The Johns Hopkins University Program in Racism, Immigration and Citizenship (RIC) hosted a two-day event called “Eyes on Surveillance: (In)security in Everyday Life” last weekend. This was the RIC’s Eighth Annual Interdisciplinary Graduate Student Conference and consisted of five panel discussions, followed by a roundtable discussion with speakers from the ACLU of Maryland, Black Lives Matter DC and Open the Government.
One of the panels focused on big data and surveillance. The panel consisted of University of Waterloo professor Krystle Shore; UC Berkeley professor Xavier Durham; Princeton professor Cierra Robson; and National Institute of Education Planning and Administration professor Monika Maini.
Durham, a sociology professor, presented a talk called “Black Mirrors, Black Windows: An Invitation to Reflexivity on Epistemological Approaches to Surveillance Processes and Technology.” He explained that he saw as a paradigm shift in orthodox surveillance.
Durham analyzed different perceptions of surveillance, suggesting that society needs a new model of surveillance to adapt to an increasingly digital world.
“It feels a bit misguided because what that does is that we constantly just talk about power, governmentality, the state,” he said. “That’s all that comes up, but there is more to surveillance now than just thinking about particular institutions such as the state.”
Robson, a professor of African American Studies, discussed her work, “Networks of Control: Race Surveillance in Oakland’s Domain Awareness Center.” She explained her writing process and discussed how she was intrigued by rising surveillance in Oakland, Calif. In 2013, the city accepted federal grant money to construct a mega database for electronic surveillance.
“My research began with one seemingly simple question: what is going on in Oakland?” Robson said. “In trying to answer this question, many others emerged. So my question became, why surveillance in Oakland?”
This question led Robson to develop a theoretical framework of “racialized surveillance capitalism,“ which seeks to account for the ways in which the state mobilizes private companies to capitalize off of data collected from minority communities.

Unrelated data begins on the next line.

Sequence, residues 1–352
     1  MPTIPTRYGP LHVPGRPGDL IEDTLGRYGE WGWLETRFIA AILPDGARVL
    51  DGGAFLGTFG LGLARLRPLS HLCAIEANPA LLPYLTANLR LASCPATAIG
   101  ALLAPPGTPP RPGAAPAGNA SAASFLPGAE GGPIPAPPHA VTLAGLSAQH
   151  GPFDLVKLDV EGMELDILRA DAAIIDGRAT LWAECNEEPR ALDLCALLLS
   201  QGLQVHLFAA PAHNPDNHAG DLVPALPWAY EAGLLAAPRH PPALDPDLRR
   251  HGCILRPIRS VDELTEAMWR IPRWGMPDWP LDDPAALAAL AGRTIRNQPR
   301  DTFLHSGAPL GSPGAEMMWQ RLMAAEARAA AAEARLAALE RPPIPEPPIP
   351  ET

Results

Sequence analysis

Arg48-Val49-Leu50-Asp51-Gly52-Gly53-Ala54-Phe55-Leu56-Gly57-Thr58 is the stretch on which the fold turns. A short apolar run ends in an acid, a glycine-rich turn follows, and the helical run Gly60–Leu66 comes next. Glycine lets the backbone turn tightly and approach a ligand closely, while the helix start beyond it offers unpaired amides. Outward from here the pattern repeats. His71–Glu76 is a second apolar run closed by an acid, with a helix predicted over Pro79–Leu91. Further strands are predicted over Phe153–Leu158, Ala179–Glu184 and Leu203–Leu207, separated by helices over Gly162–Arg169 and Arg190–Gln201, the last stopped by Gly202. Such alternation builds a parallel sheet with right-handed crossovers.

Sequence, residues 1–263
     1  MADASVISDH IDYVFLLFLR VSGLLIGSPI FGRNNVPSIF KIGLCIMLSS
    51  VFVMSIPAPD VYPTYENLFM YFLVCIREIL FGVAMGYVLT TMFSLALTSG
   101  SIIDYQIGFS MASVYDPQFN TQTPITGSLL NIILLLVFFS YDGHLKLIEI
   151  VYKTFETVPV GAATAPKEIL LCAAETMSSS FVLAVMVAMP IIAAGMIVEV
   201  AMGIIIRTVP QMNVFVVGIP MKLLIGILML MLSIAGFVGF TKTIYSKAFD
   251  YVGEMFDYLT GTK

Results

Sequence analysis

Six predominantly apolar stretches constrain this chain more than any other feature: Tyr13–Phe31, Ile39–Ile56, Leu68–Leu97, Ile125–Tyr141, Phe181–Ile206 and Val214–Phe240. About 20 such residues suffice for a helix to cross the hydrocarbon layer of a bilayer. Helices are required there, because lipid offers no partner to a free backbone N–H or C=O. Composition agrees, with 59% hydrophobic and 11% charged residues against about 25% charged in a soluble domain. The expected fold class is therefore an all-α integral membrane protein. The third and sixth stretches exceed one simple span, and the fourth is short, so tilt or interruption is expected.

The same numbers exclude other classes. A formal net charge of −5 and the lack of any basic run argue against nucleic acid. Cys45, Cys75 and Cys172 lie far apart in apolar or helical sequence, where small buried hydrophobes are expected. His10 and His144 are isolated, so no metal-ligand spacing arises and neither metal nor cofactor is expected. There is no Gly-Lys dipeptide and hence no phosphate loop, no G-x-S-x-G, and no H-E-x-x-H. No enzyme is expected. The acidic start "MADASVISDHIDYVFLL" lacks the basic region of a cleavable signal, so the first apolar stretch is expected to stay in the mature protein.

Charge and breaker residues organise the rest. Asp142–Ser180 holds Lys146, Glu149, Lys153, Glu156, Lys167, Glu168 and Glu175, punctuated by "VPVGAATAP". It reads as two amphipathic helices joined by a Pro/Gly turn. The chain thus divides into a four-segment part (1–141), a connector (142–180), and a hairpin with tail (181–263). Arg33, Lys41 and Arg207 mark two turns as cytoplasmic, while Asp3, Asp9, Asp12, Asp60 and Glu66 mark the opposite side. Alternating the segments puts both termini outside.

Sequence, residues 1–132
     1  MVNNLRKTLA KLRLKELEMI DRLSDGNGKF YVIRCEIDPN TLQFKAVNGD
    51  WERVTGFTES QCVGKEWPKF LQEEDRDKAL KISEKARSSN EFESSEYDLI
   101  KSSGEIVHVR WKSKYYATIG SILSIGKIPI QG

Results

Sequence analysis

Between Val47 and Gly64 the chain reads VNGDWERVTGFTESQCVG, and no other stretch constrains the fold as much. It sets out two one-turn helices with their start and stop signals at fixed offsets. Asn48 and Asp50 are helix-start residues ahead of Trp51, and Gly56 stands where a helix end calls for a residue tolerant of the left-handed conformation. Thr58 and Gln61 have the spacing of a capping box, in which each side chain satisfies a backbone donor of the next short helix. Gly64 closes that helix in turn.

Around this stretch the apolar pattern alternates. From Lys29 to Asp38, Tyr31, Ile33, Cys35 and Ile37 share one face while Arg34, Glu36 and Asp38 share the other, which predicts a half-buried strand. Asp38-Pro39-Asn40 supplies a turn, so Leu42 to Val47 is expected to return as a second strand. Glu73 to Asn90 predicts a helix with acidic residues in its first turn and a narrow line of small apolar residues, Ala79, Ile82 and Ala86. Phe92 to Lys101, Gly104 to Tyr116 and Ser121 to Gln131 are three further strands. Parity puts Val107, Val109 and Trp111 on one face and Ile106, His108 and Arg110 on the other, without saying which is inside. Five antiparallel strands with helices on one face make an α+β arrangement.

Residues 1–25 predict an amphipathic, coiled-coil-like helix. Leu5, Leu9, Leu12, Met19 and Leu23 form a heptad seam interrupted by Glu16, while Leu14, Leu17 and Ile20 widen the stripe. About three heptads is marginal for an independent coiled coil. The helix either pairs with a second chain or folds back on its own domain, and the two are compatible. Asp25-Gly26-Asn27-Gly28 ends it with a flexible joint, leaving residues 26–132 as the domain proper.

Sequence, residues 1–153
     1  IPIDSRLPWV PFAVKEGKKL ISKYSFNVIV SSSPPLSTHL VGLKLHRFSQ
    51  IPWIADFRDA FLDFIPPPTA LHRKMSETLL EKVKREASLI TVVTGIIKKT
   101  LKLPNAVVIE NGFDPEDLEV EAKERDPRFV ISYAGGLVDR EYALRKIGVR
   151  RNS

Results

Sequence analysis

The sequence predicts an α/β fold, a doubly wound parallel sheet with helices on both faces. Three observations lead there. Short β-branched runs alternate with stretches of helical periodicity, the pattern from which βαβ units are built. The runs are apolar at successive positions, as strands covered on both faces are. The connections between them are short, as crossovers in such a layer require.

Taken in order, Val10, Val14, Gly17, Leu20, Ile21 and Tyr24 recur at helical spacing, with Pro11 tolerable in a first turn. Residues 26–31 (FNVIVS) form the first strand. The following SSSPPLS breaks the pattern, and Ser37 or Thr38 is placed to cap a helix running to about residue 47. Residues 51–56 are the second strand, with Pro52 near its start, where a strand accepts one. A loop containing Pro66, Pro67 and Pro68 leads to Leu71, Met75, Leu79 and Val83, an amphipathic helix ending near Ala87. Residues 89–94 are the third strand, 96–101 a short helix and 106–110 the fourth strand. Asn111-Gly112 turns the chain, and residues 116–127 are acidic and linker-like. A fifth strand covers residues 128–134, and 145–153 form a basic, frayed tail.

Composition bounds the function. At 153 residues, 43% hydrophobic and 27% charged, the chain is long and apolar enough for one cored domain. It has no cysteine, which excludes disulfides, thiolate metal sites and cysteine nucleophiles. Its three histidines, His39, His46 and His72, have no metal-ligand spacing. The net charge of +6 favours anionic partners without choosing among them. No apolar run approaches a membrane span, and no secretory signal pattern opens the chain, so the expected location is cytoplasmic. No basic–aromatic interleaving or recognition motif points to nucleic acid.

Maini, a professor of Education Policy, Planning and Administration, elaborated on her thesis, “Dataveillance and Social Sorting: Reflections on Neo-liberal Surveillance and its Impact on Critical Thinking and Education for Democracy in Indian Public Universities.” She explained the basic purpose of algorithms and then went on to criticize the negative impact of their use on college students.
“How do scholars engage with truth when the facts are hidden purposefully by the use of algorithms?” she said.
Maini analyzed how different modes of neoliberal surveillance are normalized in Indian public universities and therefore blur the lines of consent.
Heba Islam, a RIC Graduate Student Assistant, spoke on why RIC decided to host an event on surveillance.
“It’s particularly timely,” she said. “Surveillance isn’t uniform…and we thought about, because RIC is very interdisciplinary, what would it mean to bring together a set of people thinking about it from these really different perspectives.”
Islam mentioned that she thought the conference saw a good turnout and was successfully overall.
“Surveillance isn’t just a theoretical thing, it’s real. We’re monitored, we’re spied upon,” she said.